Big Broad Banks: How Does Cross-selling Affect Lending?

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Using unique micro-data that contain the internal information on all corporate customers of a large Northern European bank, I show that combining loan and non-loan products (cross-selling) has two benefits. First, it increases credit supply, especially in recessions. Second, it increases the likelihood of receiving lenient treatment in delinquency. I argue that non-loan relationships play an important role in determining credit supply and debt renegotiation, not only by (i) mitigating information asymmetries (as suggested in earlier literature), but also by (ii) increasing the profitability of the relationship. Exploiting an exogenous and differential change in certain products' profitability due to the Basel II implementation, I estimate the causal effect of this new profit channel on credit supply. A 20 percent decrease in non-loan products' profitability (1) reduces credit supply to affected firms by 10.5 percent (500,000 USD) compared with unaffected firms, and (2) reduces likelihood of receiving lenient treatment for affected firms by 58 percent (23 pp) compared with unaffected firms, conditional on being delinquent.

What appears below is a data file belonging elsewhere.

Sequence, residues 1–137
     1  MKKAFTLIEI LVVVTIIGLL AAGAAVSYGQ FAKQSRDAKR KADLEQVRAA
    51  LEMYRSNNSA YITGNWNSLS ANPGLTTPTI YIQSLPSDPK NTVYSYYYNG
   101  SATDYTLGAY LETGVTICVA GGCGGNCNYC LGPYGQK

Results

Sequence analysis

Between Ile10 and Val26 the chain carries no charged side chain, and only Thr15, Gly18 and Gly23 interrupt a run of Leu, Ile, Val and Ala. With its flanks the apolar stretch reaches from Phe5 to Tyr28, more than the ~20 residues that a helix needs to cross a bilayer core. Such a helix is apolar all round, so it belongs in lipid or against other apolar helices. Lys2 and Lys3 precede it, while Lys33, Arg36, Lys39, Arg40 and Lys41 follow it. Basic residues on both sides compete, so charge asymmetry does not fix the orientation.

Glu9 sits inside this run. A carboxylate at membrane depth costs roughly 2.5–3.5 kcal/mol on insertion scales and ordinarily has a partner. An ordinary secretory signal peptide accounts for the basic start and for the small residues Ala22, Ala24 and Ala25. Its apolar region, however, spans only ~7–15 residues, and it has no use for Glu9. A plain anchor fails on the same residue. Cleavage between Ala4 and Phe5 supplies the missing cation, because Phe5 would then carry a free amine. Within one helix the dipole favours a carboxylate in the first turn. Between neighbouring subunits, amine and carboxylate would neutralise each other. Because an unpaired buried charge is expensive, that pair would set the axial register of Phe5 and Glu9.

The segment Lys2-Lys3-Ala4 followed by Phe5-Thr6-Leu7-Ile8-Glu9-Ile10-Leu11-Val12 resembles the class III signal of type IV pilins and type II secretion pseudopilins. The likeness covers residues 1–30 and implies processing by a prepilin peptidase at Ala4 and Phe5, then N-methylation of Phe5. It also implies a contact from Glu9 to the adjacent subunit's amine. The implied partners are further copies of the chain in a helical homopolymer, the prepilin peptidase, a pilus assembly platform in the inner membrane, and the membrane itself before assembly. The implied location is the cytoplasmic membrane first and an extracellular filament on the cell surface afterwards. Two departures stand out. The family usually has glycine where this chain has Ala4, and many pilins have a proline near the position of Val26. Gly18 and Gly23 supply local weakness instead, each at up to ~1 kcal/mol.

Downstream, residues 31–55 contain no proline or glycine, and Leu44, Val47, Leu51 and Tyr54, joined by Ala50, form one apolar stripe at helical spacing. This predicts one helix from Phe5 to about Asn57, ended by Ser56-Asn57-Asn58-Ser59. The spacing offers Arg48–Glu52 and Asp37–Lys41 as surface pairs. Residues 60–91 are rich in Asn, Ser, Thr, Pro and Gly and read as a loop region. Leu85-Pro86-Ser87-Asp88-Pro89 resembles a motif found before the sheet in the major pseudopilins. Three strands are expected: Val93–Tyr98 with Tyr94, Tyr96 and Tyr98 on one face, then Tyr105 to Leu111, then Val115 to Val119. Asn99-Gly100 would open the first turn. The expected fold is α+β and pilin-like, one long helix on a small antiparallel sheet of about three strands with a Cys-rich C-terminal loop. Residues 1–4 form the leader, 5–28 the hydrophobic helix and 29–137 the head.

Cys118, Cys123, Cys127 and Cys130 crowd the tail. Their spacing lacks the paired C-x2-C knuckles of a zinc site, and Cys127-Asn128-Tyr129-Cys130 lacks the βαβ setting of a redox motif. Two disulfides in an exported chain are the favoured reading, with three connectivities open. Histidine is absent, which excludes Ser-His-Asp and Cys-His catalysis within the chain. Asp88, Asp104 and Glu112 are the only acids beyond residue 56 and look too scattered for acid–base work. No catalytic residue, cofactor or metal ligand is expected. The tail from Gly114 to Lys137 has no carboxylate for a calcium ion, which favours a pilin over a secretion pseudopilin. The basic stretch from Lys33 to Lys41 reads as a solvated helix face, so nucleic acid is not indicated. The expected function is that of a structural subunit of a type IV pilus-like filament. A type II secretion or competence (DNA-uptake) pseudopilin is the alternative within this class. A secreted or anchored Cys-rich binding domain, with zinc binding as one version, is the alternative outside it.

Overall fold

Original languageEnglish
Publication date2021
Number of pages50
Publication statusPublished - 2021
EventASSA 2021 Virtual Annual Meeting - , WWW
Duration: 3 Jan 20215 Jan 2021


ConferenceASSA 2021 Virtual Annual Meeting
Internet address


  • Relationship banking
  • Cross-selling
  • Credit allocation
  • Debt renegotiation

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